When Joe Vitale laid out Danny Briere with a (clean) open-ice hit with just over a minute to go in the game, a lot of emotion spilled out. Perhaps best encapsulated by the Hulk Hogan fan behind the Flyers bench.
Perhaps the question asked most frequently was: Why would the Penguins send their fourth line out at that point in the game?
The Penguins were down 6-3 in the game, having just given up an empty-net goal. There was 1:15 left in the third period and they sent out their bottom-of-the-roster guys Joe Vitale, Craig Adams, Arron Asham, Matt Niskanen and Deryk Engelland.
Engelland is their enforcer (21 fights in the past two years combined) while Asham is well-known among Flyers fans as a heavyweight, if not an actual enforcer.
It could easily be argued that the Penguins sent out their fourth line to send a message. It could also easily be argued that the Penguins sent out their fourth line because that’s what you do in a blowout game where the outcome is already decided. Both explanations are reasonable.
None of that has any bearing on the fact that Joe Vitale’s hit on Danny Briere was clean, however. Vitale did not leave his feet, he did not hit Briere’s head, he did not charge or lead with his elbow.
But the question likely to get lost in the shuffle is one that was briefly touched on by Sidney Crosby:
If one can ignore the bias against Crosby, they should be able to see the interesting point Crosby makes.
The Flyers had just gone up by three goals with at most two shifts left in the game. Peter Laviolette sends out: Brayden Schenn, who earlier in the game cross-checked Sidney Crosby away from the play; Wayne Simmonds, who has a badly mangled face due to deflecting the puck in the net off of his eye the day before; and Danny Briere, the diminutive, offense-only forward who has both a history of dirty stick work and of getting caught with his head down.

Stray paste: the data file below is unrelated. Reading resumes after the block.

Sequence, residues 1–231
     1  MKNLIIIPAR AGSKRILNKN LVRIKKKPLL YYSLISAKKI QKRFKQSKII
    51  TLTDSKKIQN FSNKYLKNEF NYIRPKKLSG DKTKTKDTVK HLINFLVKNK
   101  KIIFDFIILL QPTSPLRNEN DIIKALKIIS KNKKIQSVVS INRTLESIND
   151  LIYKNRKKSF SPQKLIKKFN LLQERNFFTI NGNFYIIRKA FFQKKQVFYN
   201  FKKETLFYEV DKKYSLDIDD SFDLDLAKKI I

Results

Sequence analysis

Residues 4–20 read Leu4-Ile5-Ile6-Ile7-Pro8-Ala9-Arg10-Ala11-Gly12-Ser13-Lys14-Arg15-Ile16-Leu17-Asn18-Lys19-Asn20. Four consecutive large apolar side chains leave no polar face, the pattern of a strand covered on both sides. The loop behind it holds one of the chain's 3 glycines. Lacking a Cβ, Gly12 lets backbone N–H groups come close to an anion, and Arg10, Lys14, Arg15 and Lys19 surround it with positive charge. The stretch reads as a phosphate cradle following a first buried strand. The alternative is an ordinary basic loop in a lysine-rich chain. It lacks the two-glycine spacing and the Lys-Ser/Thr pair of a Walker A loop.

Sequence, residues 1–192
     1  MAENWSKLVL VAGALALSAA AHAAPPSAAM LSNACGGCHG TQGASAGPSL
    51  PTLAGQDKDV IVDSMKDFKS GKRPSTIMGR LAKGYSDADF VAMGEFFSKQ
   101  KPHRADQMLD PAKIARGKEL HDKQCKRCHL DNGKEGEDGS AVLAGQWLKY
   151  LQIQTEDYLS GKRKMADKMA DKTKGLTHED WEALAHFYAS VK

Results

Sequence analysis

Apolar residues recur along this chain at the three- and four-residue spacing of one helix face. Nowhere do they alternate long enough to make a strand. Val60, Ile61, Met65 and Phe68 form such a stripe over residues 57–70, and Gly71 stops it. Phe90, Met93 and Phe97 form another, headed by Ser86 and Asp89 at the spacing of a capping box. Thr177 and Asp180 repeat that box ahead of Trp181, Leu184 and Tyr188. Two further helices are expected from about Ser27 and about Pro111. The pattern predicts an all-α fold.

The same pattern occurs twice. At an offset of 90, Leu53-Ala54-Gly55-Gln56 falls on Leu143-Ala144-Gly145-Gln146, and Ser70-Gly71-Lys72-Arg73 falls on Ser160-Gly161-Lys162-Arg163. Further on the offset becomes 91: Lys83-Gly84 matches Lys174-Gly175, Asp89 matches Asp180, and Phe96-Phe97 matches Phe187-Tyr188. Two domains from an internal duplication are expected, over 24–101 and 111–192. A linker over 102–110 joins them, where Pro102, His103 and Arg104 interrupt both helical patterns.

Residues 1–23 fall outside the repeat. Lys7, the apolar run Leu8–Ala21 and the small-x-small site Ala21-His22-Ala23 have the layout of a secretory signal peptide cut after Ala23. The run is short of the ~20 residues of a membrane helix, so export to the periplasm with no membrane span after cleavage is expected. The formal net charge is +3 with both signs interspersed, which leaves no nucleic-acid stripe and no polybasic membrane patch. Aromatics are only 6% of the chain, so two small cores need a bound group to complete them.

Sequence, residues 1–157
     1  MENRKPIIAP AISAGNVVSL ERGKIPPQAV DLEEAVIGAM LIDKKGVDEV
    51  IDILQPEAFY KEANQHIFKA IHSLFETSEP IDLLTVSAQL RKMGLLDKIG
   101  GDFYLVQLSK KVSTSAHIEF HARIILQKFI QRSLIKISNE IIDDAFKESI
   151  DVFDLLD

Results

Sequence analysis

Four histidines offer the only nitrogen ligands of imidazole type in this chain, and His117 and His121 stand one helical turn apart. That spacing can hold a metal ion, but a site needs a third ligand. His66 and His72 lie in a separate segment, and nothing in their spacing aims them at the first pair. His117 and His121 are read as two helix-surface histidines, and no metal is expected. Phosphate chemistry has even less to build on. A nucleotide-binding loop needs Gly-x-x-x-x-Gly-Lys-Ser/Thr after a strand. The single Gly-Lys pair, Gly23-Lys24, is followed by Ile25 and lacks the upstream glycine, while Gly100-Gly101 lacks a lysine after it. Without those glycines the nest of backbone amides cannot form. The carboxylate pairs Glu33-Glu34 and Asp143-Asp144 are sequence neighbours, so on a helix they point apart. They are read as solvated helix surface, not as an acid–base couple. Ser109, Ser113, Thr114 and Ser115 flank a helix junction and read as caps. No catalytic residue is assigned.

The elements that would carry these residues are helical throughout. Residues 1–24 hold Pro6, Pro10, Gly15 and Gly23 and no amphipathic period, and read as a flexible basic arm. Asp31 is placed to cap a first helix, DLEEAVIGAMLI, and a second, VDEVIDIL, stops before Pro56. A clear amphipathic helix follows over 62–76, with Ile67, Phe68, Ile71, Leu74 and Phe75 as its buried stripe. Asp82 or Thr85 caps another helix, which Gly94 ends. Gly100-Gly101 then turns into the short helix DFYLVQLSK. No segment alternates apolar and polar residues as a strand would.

In a game the Flyers have locked up, Laviolette sent out his least defensively-responsible line that contained a player known for questionable play, another with a target on his back and a third player with a busted face.
None of this is to say that Peter Laviolette knowingly put vulnerable players in a dangerous situation, but he did choose to put vulnerable players in a lose-lose situation.
There is no reason Schenn should see the ice again that game, since he was likely to be targeted. There is also no reason Briere should see the ice again that game, since the team does not need any more offense. Simmonds would be reasonable were it not for the fact that he was on the ice with Schenn, since it is possible – if not likely – that Simmonds would need to protect Schenn.
Peter Laviolette isn’t naive. Maybe he didn’t think anything would happen when he put that line out on the ice, but he surely knew there was a possibility that Schenn would be targeted – and will be on Saturday. Laviolette consciously chose to put an offense-only forward on the ice up by three, which could easily be taken as a sign of disrespect.
In a game that has playoff implications, against a team they will be seeing a lot of in the next few weeks, Dan Bylsma, Joe Vitale and the Penguins sent a message.
But the Flyers played right into it. Was it on purpose?